One of the rather minor by-products of the pandemic from which most of the country, baruch Hashem, seems to be emerging was the new familiarity among children and less-than-science-savvy adults with the word “antibodies.”
Or, as a toddler of my acquaintance calls them, “antibubbies.”
What exactly, though, you may ask, are they (antibodies, that is; I don’t know anyone who is against bubbies). Good question. And the answer, surprisingly, might enhance your Shabbos davening.
Antibodies are proteins that comprise part of our immune systems. They help neutralize viral, parasitic, and bacterial infections that invade our bodies. And they are produced by white blood cells in our bones.
Antibodies against COVID-19, produced naturally in people who have contracted the virus or artificially in those who have received one of the vaccines, may last a lifetime or may require periodic booster shots to maintain their production and the protection they afford. The scientific jury is still out on that question. Quite literally and not in the phrase’s cliché sense, time will tell.
Abba Binyamin said that we’re fortunate to not be able to see the tens of thousands of terrifying mazikin that surround us (Berachos 6a). Were they visible, he informs us, they would utterly terrify us. The same, of course, is true about the tens of thousands of spores, bacteria and viruses that constantly seek to invade our bodies.
All of which are held off, if we are healthy, by, prime among other elements of the immune system, the antibodies produced in the marrow of our bones.
We know these facts today because of the progression of science and its observations of the world beneath the threshold of unaided human vision—and of the devastation that occurs when any part of the immune system ceases to work and a body is successfully invaded by biological mazikin.
Appreciating the neis nistar of our immune systems is always called for. But a particularly apt place to ponder it is as we recite the words of Nishmas Kol Chai, at the end of pesukei d’zimra on Shabbos and Yom Tov. Unfortunately, the hoda’ah is often truncated or even omitted entirely by many people, if they can’t keep up with the pace of davening. And yet, halachic sources say that it should receive preference before much of what precedes it. And for good reason.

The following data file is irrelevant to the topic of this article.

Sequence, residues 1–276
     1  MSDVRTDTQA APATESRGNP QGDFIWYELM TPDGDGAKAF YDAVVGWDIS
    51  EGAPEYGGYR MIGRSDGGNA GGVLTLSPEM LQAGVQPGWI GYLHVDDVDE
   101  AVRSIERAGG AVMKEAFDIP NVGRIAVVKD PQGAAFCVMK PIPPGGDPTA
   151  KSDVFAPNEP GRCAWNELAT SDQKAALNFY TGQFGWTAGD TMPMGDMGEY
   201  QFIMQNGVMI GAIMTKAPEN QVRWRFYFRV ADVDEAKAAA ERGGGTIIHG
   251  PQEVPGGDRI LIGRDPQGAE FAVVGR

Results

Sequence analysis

Some of Nishmas consists of pesukim borrowed from Tehillim and the navi Yeshayahu, along with poetic renderings of midrashic concepts. Toward the end of Nishmas, we find the words:
… From severe and enduring diseases You spared us… therefore, the organs that You set within us shall thank and bless… and declare the sovereignty of Your name… as it is written [Tehillim, 35:10]: “All my bones shall say, ‘Hashem, Who is like You? You save the poor man from the one stronger than he, the poor and destitute from the one who would rob him…’”
Our very bodies, in other words, our organs and their processes, figuratively “thank and bless” Hashem by their very workings.
What, though, is the pertinence here of Dovid Hamelech’s praise of Hashem’s saving a poor man from being oppressed by a stronger one? And of the fact that the praise is put into the “mouth,” so to speak, of our bones?
You may see where I’m going.
From the perspective of what we know today, it isn’t hard to perceive the exquisiteness of that reference in its context. The “poor men” are our bodies, vulnerable to hordes of imperceptibly small but dangerously strong agents of harm. It should be self-evident that we owe our Creator our wide-eyed gratitude for the easily overlooked but incalculably vital miracle that is our immune systems’ nonstop work to vanquish those baleful agents.
And, to anyone who is aware of the existence of antibodies and how they are produced, particularly exquisite is the fact that the parts of our bodies Dovid Hamelech singles out as declaring “Hashem, who is like You?” for saving the poor from the strong… are our bones.